Hasbro® Real Baby (eyes open)

I know this sounds like a sitcom, but it really happened and it wasn’t funny. The morning of December 24, 1985 became panic-filled. I jumped into my 1977 Ford Pinto (also not funny) and away I went. This was before the days of cell phones, so I took a handful of change to call home from phones booths. I started out looking in the stores nearby – Venture (remember those?), Target, Sears, and then I fanned out to – more Venture Stores, more Targets, Toys-R-Us, Wal-Mart, Dillard’s, Famous-Barr, JC Penney, Woolworth’s – you name it; I tried. I could find ‘Real Baby With Her Eyes Closed’ (which was kind of scary because she could never wake up) but EVERYONE was sold out of ‘Real Baby With Her Eyes Open’. After each failed attempt to find her, I called home with the grim news – no baby. What was I going to do? How was I going to deal with disappointing our little girl on Christmas morning?

After spending nearly the entire day searching for a doll, that I was certain could not be found, I finally admitted defeat. I was heading home around 5:00 pm when I decided to give it one last try. There was a K-Mart Store west of where we lived and I thought “what the heck” it’s worth a chance. Still in my heart I knew it was foolish.

But as I walked into the Toy Department, there she was – perched on the shelf like an angel. I really thought that the fatigue had gotten to me and that I was just seeing things, but there she was, all by herself, ‘Real Baby With Her Eyes Open’! Only God knows why the most popular doll of 1985 would still be sitting alone on K-Mart’s shelf on Christmas Eve. Maybe it was just my own little Christmas miracle. I’m sure that I had tears in my eyes walking to the checkout counter – again maybe that was just the fatigue.

Needless to say, Bess was very excited the next morning and she literally jumped for joy as she exclaimed, “I knew that Santa would bring her to me!” More tears…

I  think that the doll is still in a box in our basement today. Her hair is a little ‘jacked-up’ because she was loved so much. Bess carried her around like a real baby for years (hence the name) and I have never regretted nor will I ever forget that crazy Christmas Eve.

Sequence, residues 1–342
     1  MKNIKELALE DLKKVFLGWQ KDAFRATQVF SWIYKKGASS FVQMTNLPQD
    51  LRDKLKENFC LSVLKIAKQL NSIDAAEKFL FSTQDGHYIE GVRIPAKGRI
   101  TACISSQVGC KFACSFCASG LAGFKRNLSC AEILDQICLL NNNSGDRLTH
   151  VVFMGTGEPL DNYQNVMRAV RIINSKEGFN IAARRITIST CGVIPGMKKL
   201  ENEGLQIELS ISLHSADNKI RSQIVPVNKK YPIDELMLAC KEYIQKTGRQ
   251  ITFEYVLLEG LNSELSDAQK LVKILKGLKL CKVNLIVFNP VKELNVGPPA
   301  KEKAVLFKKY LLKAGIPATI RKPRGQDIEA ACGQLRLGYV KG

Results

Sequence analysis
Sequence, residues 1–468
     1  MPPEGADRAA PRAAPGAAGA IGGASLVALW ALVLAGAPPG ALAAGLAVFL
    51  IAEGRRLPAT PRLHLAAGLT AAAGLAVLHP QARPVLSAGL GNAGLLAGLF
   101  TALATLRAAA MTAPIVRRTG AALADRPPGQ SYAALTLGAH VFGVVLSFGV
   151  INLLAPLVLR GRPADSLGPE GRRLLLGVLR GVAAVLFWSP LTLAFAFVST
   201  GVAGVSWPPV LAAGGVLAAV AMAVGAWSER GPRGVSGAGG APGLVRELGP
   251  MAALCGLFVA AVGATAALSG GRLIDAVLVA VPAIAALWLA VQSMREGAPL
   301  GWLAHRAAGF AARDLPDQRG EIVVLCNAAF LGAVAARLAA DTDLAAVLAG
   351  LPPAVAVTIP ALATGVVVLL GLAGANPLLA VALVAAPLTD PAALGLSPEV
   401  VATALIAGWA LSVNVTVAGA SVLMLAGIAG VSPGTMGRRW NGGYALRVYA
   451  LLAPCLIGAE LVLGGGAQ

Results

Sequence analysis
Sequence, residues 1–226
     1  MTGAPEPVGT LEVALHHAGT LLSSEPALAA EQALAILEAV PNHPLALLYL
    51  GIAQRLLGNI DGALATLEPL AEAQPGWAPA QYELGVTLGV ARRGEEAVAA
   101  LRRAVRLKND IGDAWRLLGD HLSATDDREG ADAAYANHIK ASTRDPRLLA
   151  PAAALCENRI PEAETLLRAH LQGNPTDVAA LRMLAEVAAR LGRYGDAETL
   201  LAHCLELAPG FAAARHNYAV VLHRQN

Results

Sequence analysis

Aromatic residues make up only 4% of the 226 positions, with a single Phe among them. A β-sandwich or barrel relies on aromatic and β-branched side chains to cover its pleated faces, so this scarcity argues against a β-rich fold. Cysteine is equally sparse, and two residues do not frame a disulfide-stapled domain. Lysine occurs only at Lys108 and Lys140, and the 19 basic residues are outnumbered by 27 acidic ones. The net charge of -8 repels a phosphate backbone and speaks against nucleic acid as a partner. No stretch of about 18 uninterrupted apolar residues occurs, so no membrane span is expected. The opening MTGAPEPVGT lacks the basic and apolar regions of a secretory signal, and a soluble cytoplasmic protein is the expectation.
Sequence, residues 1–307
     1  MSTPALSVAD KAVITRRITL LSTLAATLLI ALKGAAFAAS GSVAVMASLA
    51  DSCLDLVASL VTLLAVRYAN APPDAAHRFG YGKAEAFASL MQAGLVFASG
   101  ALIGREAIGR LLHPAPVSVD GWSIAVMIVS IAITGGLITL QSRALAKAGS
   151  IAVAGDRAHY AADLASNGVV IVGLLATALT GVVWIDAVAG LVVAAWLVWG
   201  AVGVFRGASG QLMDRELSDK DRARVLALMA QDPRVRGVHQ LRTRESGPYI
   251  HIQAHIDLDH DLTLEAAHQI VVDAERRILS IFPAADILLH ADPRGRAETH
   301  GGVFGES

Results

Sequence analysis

My hope is that each of you is blessed with your own Christmas miracle this year.



Do You Hear What I Hear?

Advent is supposed to be a time of anticipation, preparation and reflection. Sometimes in my busy life I need to slow down and listen to my heart. I need Advent. I need to stop running. Stop shopping. Stop planning. Just stop. And listen.

How often do I ask someone, “How are you?”, only to be told, “I’m fine.” And I’m off and running. Rarely does anyone tell me how they really are and sadly, if they do, chances are I really don’t want to hear the details. “Fine” is just fine. Putting on my brakes and listening, really listening takes time and requires me to engage; to be present; to care. This is not always convenient. And it’s definitely not easy.

At a time when everyone else is running around getting ready for Christmas, I need to sit quietly and think and perhaps pray but certainly LISTEN. My lovely wife sometimes asks, “Did you hear me?” “Huh?” is often my response. I hear stuff all the time but listening is different than hearing. Hearing is just the act of perceiving sounds, but listening is something that I must consciously choose to do. Listening requires patience, thoughtfulness and commitment – these are things that are often in short supply.

adventcandlesOf course the hardest person to listen to is myself. I’m a man of action. I like to get stuff done. Sitting and contemplating what needs to be done is a challenge for me. Give me a task and I’m on it. Put up the tree; decorate the house; wrap the gifts; hang the lights – easy stuff. I guess thinking about Jesus coming 2,000 years ago is easy enough. And I can slow down long enough to listen to some Christmas hymns and get my head and heart in the right place. But that’s not what Advent is about. It’s not just the anticipation of His coming as an infant in Bethlehem and His final coming at the end of time but it’s also about Jesus coming to me, right now, right here – and that gets a little messy and scary.

Advent is counter-cultural. It forces me to stop and listen to my own heart. I need to turn off Holiday television specials and the 24-hour-a-day Christmas radio and walk away from the Black Friday Sales long enough to hear what I can hear.